The brief life and spectacular fall of the Super League

It’s like choosing your favorite child, isn’t it? But the Super League packed so much news into such a brief existence that we felt it necessary to tell its tale in the order it happened, a chronology to be placed in the time capsule that also contains calamitous failures like New Coke, the Fyre Festival and the ESPN Phone.

Sunday, April 18

The news began to break Sunday morning on the U.S. East Coast.

UEFA, European soccer’s governing body, was quick to register its displeasure with the breakaway league, calling it “a cynical project” and promising that the rebel clubs would be banned from playing at the domestic, European or international level.

It was early afternoon in Europe, the day’s matches were underway and the outcry already was building. Sky Sports commentator Gary Neville, who had a lengthy playing career for breakaway team Manchester United, was among the most prominent voices of dissent early on.

Less than eight hours after the news broke, the controversy was such that British Prime Minister Boris Johnson felt the need to weigh in on Twitter.

Despite the building furor, on Sunday evening the 12 rebel teams began officially announcing their intention to create the Super League, with Liverpool’s tweet posted at 6:21 p.m. Eastern.

Monday, April 19

By the time most people woke up Monday morning on either side of the Atlantic, the furor over the Super League was in full bloom. Johnson continued to press the attack, promising English soccer officials and fan groups that his government would take legal action against the rebel English teams.

UEFA President Aleksander Ceferin, meanwhile, referred to the breakaway teams as “snakes.”

UEFA announced that the Champions League group stage would be expanding to 36 teams in 2024, among other format tweaks seen as efforts to boost revenue. The changes had been in the works but were also seen as a direct response to any sort of challenge from a breakaway competition.

Anger continued to grow. Liverpool’s Premier League match at Leeds United was marked by protests by fans of both clubs. Leeds United players warmed up in shirts bearing the message, “Football is for the fans.” A Champions League T-shirt emblazoned with “Earn it” was placed in Liverpool’s dressing room. Liverpool Manager Jurgen Klopp, a previous critic of efforts to launch a new competition, was left after the match to reveal that he had barely been informed of the situation by his own club:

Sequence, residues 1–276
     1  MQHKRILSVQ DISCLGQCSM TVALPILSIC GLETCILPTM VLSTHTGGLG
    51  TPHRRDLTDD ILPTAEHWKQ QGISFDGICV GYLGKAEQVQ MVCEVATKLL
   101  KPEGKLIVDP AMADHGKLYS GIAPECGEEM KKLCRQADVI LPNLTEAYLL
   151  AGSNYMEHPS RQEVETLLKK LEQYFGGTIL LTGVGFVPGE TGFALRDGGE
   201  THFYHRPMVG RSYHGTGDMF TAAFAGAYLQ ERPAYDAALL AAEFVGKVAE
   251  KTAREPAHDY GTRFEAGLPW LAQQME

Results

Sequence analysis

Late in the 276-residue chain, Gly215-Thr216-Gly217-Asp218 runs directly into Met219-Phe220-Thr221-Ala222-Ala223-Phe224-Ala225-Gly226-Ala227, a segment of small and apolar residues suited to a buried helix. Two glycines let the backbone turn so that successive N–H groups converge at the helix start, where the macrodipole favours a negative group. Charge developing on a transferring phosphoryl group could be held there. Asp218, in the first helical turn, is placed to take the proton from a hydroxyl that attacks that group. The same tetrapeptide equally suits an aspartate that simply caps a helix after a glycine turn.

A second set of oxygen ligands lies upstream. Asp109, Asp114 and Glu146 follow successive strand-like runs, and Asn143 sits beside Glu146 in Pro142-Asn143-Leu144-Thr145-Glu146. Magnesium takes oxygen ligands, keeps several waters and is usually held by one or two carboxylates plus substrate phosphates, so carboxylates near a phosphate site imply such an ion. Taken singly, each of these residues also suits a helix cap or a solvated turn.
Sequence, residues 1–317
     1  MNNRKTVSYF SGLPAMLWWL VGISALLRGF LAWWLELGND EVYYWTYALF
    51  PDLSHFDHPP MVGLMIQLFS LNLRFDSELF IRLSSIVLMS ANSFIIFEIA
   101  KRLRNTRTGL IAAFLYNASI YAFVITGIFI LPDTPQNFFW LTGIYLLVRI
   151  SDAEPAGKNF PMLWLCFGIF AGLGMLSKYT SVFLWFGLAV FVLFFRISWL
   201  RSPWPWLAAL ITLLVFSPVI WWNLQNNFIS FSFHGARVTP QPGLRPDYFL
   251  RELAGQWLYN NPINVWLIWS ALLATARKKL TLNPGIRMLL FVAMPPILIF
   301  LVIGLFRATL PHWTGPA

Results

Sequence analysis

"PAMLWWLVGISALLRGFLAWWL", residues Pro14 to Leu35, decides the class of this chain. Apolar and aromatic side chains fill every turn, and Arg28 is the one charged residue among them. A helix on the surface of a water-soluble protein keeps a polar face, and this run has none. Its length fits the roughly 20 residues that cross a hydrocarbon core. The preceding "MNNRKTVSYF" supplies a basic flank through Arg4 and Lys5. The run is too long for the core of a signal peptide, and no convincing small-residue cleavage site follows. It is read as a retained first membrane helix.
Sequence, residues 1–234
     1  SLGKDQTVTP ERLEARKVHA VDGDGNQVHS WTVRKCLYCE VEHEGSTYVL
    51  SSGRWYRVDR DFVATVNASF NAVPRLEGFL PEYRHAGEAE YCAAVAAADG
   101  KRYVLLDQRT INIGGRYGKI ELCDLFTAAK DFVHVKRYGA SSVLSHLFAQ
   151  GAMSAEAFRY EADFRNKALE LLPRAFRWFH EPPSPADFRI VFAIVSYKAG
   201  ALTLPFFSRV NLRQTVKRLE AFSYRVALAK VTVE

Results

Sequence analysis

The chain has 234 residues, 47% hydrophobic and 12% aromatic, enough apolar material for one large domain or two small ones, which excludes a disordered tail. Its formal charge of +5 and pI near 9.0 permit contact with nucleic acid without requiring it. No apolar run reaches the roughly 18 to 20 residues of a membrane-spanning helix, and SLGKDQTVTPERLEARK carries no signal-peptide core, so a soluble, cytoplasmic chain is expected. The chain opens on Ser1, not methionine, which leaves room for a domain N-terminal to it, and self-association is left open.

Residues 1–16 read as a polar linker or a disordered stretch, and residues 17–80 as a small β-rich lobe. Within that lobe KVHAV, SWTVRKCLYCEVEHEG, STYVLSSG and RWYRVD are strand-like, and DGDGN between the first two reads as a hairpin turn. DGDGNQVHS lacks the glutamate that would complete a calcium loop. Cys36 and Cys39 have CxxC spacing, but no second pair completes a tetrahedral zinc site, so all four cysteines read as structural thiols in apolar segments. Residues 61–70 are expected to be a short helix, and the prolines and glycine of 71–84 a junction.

The breakaway teams had mostly kept quiet apart from their official announcements. But on Monday night in Europe, Real Madrid President Florentino Pérez — an ardent supporter of the Super League who had been named its chairman — mounted a defensive charge by airing his grievances with the current Champions League setup during an appearance on a Spanish talk show.

Tuesday, April 20

By Tuesday it became clear that the actual players and coaches had not been consulted by the Super League teams and that they weren’t fond of the idea. Manchester City Manager Pep Guardiola, one of the world’s best, lashed out at the idea that soccer teams could be guaranteed spots in an elite tournament without earning their position.

Chelsea, one of the Super League hopefuls, had a Premier League game Tuesday against Brighton. By this point, European soccer fans were in full froth, and the Blues’ supporters blocked both teams from entering the Stamford Bridge grounds in London, delaying the start of the game. Petr Cech, a legendary Chelsea goalkeeper who now is a club official, had to plead with the fans to let them through.

At around this point, it became painfully clear that the Super League clubs were in an untenable position. Soon, the retreat had begun and each team began to distance themselves from the idea. The Super League was dead, less than 48 hours after its official birth.

Wednesday, April 21

In a video message released Wednesday, Liverpool owner said he John Henry was very, very sorry about all of this.

The Super League’s collapse was big news in the Spanish sports dailies.

These shirts will be collectors’ items one day:

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Source: WP